Hendrik van Limborch, 'Two putti offering Venus a symbol of fertility'
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- Oil on panel
- Signed lower left HVLimborch
- 23.1 x 31.5 cm
H. Miedema, ‘Lambert ten Kate in correspondence with Hendrik van Limborch: color harmony and chiaroscuro’ in: Simiolus: Netherlands Quarterly for the History of Art, vol. 35:3, 2011, pp. 174-187
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In a hillside landscape, a naked Venus rests in the grass with two putti next to her. Her left leg is covered with a red velvet cloth and she leans with her right arm against a tree or rock. The light falls on her curly, half-upped hair. One of the putti offers the goddess a Venus flytrap, a carnivorous plant from the sundew family, as an appropriate symbol of fertility. In his right hand, he holds a fishing rod or a bow and at the top of the plant is a hook with a thread attached. The putto has bright blue wings. The second putto, with red wings, has his right hand raised and is holding a tool in his left hand. The signature of Hendrik van Limborch is visible at the bottom left.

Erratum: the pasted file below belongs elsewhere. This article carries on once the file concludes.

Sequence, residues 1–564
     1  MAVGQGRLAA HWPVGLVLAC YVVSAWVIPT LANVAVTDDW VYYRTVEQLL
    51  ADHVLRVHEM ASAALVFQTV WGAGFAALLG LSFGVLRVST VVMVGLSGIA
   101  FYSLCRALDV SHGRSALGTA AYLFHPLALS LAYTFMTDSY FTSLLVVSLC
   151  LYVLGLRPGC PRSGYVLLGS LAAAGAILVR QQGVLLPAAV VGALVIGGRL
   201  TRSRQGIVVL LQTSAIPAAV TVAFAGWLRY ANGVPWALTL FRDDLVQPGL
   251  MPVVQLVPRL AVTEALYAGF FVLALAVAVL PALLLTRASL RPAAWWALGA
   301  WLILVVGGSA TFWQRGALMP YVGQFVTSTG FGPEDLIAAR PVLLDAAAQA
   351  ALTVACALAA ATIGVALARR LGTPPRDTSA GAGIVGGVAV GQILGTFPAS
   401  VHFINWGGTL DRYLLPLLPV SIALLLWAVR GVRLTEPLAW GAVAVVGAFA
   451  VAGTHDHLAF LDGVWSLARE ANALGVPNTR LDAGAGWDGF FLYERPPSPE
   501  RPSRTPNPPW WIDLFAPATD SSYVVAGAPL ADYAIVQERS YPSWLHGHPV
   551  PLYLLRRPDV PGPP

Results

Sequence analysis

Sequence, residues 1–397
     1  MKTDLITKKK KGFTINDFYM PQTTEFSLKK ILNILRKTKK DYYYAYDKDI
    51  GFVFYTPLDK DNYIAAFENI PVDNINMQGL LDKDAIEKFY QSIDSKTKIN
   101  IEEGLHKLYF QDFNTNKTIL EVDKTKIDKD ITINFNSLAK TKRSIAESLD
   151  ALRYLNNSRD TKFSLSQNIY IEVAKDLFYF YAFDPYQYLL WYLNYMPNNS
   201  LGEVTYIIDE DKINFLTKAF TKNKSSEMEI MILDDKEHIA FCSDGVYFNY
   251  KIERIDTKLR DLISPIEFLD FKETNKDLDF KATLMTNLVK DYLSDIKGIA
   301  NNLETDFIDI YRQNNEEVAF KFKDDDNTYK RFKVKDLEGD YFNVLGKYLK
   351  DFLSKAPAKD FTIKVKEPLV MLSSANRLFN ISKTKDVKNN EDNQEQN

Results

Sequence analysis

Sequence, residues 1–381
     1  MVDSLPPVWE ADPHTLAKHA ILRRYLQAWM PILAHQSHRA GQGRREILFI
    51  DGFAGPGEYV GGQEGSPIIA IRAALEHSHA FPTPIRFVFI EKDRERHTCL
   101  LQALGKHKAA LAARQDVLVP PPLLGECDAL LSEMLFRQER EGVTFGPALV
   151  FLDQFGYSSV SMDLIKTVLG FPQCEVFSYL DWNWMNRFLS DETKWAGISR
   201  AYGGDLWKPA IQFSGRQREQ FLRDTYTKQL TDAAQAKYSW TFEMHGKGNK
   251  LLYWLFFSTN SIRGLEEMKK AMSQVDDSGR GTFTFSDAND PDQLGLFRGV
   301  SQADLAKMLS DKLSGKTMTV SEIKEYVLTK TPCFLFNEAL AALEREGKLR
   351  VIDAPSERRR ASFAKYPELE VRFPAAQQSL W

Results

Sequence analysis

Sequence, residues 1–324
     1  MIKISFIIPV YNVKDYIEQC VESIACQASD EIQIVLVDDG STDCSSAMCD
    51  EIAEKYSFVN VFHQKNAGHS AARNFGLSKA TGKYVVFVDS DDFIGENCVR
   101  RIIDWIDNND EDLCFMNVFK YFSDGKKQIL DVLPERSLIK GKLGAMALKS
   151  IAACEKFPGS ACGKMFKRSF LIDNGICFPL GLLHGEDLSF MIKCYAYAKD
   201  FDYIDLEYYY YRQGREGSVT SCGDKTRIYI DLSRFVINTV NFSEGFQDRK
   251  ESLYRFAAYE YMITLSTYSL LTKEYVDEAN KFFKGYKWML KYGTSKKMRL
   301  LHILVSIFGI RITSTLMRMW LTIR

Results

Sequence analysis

Hendrik van Limborch (1682-1759) was born in The Hague and was a painter and etcher in the artists' society Confrerie Pictura. He was a pupil of J.H. Brandon, Robert Duval, Jan de Baen and Adriaen van der Werff, and among his students were Gerard Copius and Pieter Lyonett. Besides portraits, he also produced historical, mythological and allegorical works. From preserved correspondence with, among others, the scholar Lambert ten Kate, it is clear that Van Limborch was interested in the use of colour and particularly in the mixing of shadow and light. Van Limborch and Ten Kate both carried out experiments with different pigments and quantities, in order to approach the natural course of light and dark as closely as possible.